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There are more than a few ideas floating around for how to challenge Google’s dominance in search, from natural language to community editing — enough that you might be forgiven for losing track of which ideas seem most important. But by Google’s own standards, social search engine Delver should be pretty high on the list of companies to watch.

Delver, which is launching to the public today, is counting on your friends to tell it which results to deliver. The engine connects to a variety of social sites, like Digg, FriendFeed, LinkedIn and MySpace, to create a “social graph” for each of its users, in which friends and second-degree connections are ranked from most to least important. The content that those friends create or share is then used to feed the Delver engine.

There are some immediately obvious uses for that kind of search. Say you’re looking for a good place to eat or a movie to see; if your friends have been talking about food or movies, their thoughts will come up in your search. But Delver could also be useful for less obvious groups. Researchers, for example, could get improved results as long as they had similarly geeky friends, especially if those friends published research and talked about their studies on public sites.

So why would Google care about a site like Delver? Well, as a specific startup, it probably doesn’t. But in an interview early this year here at VentureBeat, Google VP of search Marissa Mayer explained that, rather than natural language, semantics or another tech-heavy approach, the search giant is interested in personal knowledge. “The social component of search is actually very important, and it hasn’t translated well yet to the internet medium,” she said.

Social search is a broad term that includes human-powered (read: volunteer work) search by companies like Wikia. But Delver seems like a more immediately promising scheme. Like the existing search engines, it’s running an automated process. And what affects the results is fairly straightforward, resulting from the number of your friends and the quality of the content and conversations they create while online. Initial searches I ran on the engine showed that its results are very different from a standard search, turning up both junk and surprising gems I wouldn’t have otherwise found.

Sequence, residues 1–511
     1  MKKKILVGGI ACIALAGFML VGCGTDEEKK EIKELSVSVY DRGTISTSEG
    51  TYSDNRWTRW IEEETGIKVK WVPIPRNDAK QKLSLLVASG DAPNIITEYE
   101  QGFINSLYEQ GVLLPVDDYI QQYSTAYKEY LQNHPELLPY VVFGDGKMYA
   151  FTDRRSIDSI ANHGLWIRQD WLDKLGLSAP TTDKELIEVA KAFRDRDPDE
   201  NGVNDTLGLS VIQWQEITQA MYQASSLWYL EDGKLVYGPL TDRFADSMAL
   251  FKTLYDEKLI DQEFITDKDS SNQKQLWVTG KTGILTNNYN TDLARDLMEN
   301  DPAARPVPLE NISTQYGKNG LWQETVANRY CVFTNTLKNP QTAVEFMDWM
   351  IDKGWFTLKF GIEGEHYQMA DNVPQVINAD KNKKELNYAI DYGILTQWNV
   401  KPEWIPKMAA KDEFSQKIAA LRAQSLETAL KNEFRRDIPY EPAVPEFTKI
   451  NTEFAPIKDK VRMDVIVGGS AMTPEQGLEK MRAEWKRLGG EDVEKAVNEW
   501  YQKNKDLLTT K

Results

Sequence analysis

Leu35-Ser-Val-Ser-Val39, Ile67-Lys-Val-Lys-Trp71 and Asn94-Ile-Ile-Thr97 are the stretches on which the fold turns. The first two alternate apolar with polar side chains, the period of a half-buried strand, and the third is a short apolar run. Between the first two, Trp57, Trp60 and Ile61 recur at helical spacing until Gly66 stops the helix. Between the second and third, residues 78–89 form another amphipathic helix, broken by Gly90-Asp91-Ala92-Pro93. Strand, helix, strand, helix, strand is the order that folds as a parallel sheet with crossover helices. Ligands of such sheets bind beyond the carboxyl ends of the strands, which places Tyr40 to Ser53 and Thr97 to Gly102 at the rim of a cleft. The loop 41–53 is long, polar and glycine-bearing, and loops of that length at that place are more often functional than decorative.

Delver will be working on that experience over the next few months, and meanwhile marketing itself to a broad audience; CEO Liad Agmon says, “We don’t want to be another Twitter or Friendfeed, with a very small subset of users conversing among themselves.” Instead, he hopes the engine can be integrated into existing social networks, where it could gain a respectable user base while continuing development.

Without a tie-in to the networks, Delver’s path looks a bit more challenging. While it’s not necessary to give Delver the names and passwords of your accounts on other sites, the engine does require a sign-up process that takes several minutes, and subsequent logins to work. That’s a concept most searchers will be unfamiliar with. Google, which has Gmail and other services to keep many users signed in, would have an immediate advantage there.

The other obvious question is what Delver will do about advertising, but Agmon says it’s going to hold off for at least a year, citing thorny privacy issues as a reason not to mine users’ social networking profiles for valuable marketing information.

The company has taken about $4 million to date, from Israel’s Carmel Ventures. It will probably start looking for more funding in early 2009.

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